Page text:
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      • The Ultimate WordPress Plugin Security Testing Cheat Sheet

        Oct 20 2017, 8:40 PM

        by larsonr eever 2

        The security documentation provided by WordPress and found online for plugin security is sparse, outdated or unclear. This cheat sheet is intended for Penetration Testers who audit WordPress plugins or developers who wish to audit their own WordPress plugins. This cheat sheet can be effectively used to test various WordPress plugins.

        Cross-Site Scripting (XSS)

        Check if the following global PHP variables are echo'd to pages, or stored in the database and echo'd at a later time without first being sanitised or output encoded.

        • $_GET
        • $_POST
        • $_REQUEST
        • $_SERVER['REQUEST_URI']
        • $_SERVER['PHP_SELF']
        • $_SERVER['HTTP_REFERER']
        • $_COOKIE

        (Note: the list of sources above is not extensive nor complete)

        Cross-Site Scripting (XSS) Tips

        Unsafe API functions

        The following functions can cause XSS if not secured:

        • add_query_arg()
        • remove_query_arg()

        See References Below:

        DISALLOWUNFILTEREDHTML

        When doing dynamic testing for XSS the following setting in the wp-config.php file may reduce false positive results as it prevents administrative and editor users from being able to embed/execute JavaScript/HTML, which by default they are permitted to do.

        define( 'DISALLOW_UNFILTERED_HTML', true );

        SQL Injection

        Unsafe API methods (require sanitising/escaping):

        • $wpdb->query()
        • $wpdb->get_var()
        • $wpdb->get_row()
        • $wpdb->get_col()
        • $wpdb->get_results()
        • $wpdb->replace()

        Safe API methods (according to WordPress):

        • $wpdb->insert()
        • $wpdb->update()
        • $wpdb->delete()

        Safe code, prepared statement:

        <?php $sql = $wpdb->prepare( 'query' , value_parameter[, value_parameter ... ] ); ?>

        Note: Before WordPress 3.5 $wpdb->prepare could be used insecurely as you could just pass the query without using placeholders, like in the following example:

        $wpdb->query( $wpdb->prepare( "INSERT INTO table (user, pass) VALUES ('$user', '$pass')" ) );

        SQL Injection Tips

        Unsafe escaping ('securing') API methods:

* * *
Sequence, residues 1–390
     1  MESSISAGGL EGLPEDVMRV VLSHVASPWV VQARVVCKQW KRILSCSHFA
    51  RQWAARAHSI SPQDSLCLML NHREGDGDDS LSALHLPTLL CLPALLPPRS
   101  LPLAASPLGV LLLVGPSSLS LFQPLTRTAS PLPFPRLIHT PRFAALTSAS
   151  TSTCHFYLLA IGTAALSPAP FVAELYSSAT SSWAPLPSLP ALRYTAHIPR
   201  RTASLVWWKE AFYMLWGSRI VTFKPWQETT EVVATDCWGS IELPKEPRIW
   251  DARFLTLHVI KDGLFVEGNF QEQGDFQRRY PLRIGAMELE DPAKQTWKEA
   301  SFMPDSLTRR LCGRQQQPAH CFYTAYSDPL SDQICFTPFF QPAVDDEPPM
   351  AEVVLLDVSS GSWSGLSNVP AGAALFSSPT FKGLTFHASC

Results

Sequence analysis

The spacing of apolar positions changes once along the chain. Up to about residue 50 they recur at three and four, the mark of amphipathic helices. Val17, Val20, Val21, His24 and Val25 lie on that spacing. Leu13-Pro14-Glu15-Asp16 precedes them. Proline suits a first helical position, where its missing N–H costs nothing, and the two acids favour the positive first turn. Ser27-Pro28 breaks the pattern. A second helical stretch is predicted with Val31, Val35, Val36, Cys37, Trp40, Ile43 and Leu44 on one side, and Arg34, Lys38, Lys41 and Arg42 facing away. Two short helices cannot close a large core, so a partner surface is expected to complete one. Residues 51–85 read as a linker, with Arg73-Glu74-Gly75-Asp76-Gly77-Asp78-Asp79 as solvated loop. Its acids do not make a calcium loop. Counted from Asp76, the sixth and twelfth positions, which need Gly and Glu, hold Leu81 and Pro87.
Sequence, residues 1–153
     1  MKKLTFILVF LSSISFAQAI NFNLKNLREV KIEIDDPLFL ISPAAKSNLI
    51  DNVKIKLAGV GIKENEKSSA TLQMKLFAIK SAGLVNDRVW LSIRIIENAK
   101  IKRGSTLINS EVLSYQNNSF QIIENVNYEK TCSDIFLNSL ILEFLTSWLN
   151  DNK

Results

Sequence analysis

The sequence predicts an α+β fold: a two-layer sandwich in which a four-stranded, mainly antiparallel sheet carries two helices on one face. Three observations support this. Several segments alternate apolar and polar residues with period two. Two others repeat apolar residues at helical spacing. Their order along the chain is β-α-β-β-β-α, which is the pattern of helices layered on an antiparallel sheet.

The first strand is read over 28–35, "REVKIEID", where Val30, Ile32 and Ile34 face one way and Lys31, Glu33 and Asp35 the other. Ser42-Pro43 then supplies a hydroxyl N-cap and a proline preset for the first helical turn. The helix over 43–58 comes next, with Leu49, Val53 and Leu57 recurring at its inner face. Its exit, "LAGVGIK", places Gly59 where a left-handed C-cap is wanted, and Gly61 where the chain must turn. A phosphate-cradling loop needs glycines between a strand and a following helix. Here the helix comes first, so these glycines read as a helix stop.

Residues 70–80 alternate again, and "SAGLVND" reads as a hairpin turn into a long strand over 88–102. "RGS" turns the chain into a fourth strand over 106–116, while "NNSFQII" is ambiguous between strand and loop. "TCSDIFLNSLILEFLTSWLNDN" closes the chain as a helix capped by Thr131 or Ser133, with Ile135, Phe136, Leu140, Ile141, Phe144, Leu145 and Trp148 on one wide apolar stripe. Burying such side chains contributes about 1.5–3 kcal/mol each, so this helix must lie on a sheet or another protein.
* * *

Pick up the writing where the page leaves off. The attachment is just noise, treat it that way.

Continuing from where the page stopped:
• esc_sql() function does not adequately protect against SQL Injection - see refs below
        • escape() same as above
        • esc_like() same as above
        • like_escape() same as above

        Displaying/hiding SQL errors:

        <?php $wpdb->show_errors(); ?> <?php $wpdb->hide_errors(); ?> <?php $wpdb->print_error(); ?>

        File Inclusion

        • include()
        • require()
        • include_once()
        • require_once()

        PHP Object Injection

        • unserialize()

        Command Execution

        • system()
        • exec()
        • passthru()
        • shell_exec()

        PHP Code Execution

        • eval()
        • assert()
        • preg_replace() dangerous "e" flag deprecated since PHP >= 5.5.0 and removed in PHP >= 7.0.0.

        Authorisation

        • is_admin() does not check if the user is authenticated as administrator, only checks if page displayed is in the admin section, can lead to auth bypass if misused.
        • is_user_admin() same as above
        • current_user_can() used for checking authorisation. This is what should be used to check authorisation.

        Open Redirect

        • wp_redirect() function can be used to redirect to user supplied URLs. If user input is not sanitised or validated this could lead to Open Redirect vulnerabilities.

        Cross-Site Request Forgery (CSRF)

        • wp_nonce_field() adds CSRF token to forms
        • wp_nonce_url() adds CSRF token to URL
        • wp_verify_nonce() checks the CSRF token validity server side
        • check_admin_referer() checks the CSRF token validity server side and came from admin screen

        SSL/TLS

        • CURLOPT_SSL_VERIFYHOST if set to 0 then does not check name in host certificate
        • CURLOPT_SSL_VERIFYPEER if set to FALSE then does not check if the certificate (inc chain), is trusted
        • Check if HTTP is used to communicate with backend servers or APIs. A grep for "http://" should be sufficient.

        Further reading/references:

        1. https://developer.wordpress.org/plugins/security/
        2. https://codex.wordpress.org/FunctionReference/escsql
        3. https://blog.sucuri.net/2015/04/security-advisory-xss-vulnerability-affecting-multiple-wordpress-plugins.html